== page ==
Tuesday, 17 April 2018

Paddington Turns Detective - for World Book Day

In the supermarket I'm having a look at the selection of World Book Day Books. Our local supermarket tends to have a very small selection of books. Usually they’re very popular paperbacks at less than half the actual price, which is a terrible idea. People get used to the idea of having very little choice and treating them like junk – but what can you do? That’s how publishing is run these days, and I’m sure these people know what they’re doing.
            There’s a Paddington collection for World Book Day, for a pound. The three stories are all reprints, of course, but I have to buy it anyway. It’s illustrated by Peggy Fortnum and the stories are from Michael Bond’s heyday. It drops easy as anything into my basket: irresistible.
            There's an older, large lady working at the checkout. Calling me ‘lovey’. When she scans and beeps ‘Paddington Turns Detective’ she says, with mock sternness, ‘I hope you’re not going to be reading this yourself.’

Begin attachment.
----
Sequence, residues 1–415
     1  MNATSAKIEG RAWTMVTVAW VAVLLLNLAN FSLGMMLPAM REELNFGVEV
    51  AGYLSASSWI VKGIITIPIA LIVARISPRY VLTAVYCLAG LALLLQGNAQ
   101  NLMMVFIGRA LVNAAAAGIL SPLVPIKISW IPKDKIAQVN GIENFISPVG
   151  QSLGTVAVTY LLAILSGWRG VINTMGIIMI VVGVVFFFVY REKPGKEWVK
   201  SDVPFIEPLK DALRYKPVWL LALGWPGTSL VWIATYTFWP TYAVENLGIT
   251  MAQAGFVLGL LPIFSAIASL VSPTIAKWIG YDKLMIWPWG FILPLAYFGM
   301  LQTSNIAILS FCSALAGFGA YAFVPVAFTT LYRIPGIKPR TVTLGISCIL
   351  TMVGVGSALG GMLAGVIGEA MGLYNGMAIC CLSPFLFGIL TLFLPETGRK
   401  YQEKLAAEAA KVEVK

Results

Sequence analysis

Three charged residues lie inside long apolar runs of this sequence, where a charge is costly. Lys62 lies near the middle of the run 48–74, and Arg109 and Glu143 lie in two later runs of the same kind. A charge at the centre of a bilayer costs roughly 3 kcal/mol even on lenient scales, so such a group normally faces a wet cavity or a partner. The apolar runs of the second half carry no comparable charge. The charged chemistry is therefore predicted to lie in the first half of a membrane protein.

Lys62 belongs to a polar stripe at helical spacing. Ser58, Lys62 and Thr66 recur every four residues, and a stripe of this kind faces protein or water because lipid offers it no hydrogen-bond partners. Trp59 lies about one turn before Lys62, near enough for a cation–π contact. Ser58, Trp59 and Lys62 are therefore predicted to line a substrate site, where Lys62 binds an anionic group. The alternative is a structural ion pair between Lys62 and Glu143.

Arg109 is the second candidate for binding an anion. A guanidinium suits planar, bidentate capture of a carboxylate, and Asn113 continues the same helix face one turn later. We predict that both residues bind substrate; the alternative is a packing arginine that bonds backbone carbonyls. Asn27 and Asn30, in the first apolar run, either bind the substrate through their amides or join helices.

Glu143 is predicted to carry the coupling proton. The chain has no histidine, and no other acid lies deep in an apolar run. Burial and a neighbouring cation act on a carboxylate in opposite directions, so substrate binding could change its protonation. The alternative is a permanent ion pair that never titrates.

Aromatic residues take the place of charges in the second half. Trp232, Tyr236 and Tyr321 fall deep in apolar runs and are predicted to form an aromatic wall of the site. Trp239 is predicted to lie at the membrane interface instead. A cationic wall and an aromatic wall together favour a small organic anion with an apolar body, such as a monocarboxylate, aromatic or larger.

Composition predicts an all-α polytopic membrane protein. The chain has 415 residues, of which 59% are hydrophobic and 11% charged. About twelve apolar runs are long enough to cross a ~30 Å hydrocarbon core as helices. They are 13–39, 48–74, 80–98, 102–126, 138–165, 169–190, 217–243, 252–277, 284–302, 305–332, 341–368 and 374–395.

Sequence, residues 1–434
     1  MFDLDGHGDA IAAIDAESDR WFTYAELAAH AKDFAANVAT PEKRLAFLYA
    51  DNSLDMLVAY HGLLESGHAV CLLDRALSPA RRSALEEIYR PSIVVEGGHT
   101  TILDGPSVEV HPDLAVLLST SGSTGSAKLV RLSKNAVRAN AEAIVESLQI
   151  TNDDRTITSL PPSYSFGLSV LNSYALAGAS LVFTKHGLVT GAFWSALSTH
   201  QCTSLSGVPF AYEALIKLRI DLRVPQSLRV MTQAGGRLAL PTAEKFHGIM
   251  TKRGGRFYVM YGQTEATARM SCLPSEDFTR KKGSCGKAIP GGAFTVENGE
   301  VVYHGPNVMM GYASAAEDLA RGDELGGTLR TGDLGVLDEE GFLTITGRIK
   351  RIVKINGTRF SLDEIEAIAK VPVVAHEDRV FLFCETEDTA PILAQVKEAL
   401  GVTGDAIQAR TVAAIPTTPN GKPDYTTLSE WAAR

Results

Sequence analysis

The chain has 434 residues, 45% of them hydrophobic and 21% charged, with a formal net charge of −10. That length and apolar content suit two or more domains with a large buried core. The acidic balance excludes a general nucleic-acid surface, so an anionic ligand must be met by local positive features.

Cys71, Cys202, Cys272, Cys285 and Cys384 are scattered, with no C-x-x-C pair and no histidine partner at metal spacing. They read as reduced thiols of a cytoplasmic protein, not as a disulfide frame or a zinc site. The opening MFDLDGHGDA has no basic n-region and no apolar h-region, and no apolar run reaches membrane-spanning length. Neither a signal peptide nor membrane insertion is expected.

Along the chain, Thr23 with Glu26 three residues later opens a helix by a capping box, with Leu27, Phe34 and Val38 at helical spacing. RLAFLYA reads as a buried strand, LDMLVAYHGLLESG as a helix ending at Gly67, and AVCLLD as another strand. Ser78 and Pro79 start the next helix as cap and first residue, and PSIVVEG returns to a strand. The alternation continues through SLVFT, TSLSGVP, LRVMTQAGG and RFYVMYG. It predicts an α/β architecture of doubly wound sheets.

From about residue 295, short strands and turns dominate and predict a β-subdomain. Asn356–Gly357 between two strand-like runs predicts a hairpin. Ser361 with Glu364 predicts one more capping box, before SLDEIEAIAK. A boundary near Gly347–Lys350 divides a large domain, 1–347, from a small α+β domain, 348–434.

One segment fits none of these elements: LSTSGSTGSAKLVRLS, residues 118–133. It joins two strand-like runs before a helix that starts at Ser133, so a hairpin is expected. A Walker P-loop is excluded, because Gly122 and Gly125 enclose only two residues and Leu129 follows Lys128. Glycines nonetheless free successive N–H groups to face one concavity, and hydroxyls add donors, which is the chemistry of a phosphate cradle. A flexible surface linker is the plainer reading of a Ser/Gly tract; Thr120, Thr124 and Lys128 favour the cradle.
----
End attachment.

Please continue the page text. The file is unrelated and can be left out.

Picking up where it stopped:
I give her a hard stare. ‘Why ever not?’
            She laughs at me. ‘Isn’t it for kids?’
            I shrug. ‘I’ve no idea. But I’ve got a collection of Paddington books going back to 1970, when I first started buying books. I’ve got everything he appears in.’
            She beeps the rest of my shopping. ‘I bet they’d be worth a fortune.’
            ‘I doubt it,’ I say hotly. ‘Not only are they not for sale, but they’ve all been read a hundred times. They’re not the kind of thing people sell. They’re my reading copies.’
            ‘Oh,’ she says, looking thoughtful. ‘Didn’t they make a film out of Paddington recently? Did you go and see it, lovey?’
            I tell her that both the film and its sequel were great and more than lived up to my expectations.
            ‘Oh, that’s good,’ she says, as I pack my bag. ‘Because sometimes you go and see the film and it’s no good at all, compared with the book and the way you imagine everything inside your head.’
            ‘Quite,’ I say.
            She sighs. ‘You can have all your illusions squashed.’
            Squashed? I assure her that that’s something I never want to happen to me.
            ‘You have a nice afternoon, lovey,’ she tells me, as I pay and she gives me my change and then I head back out into rainy Levenshulme.

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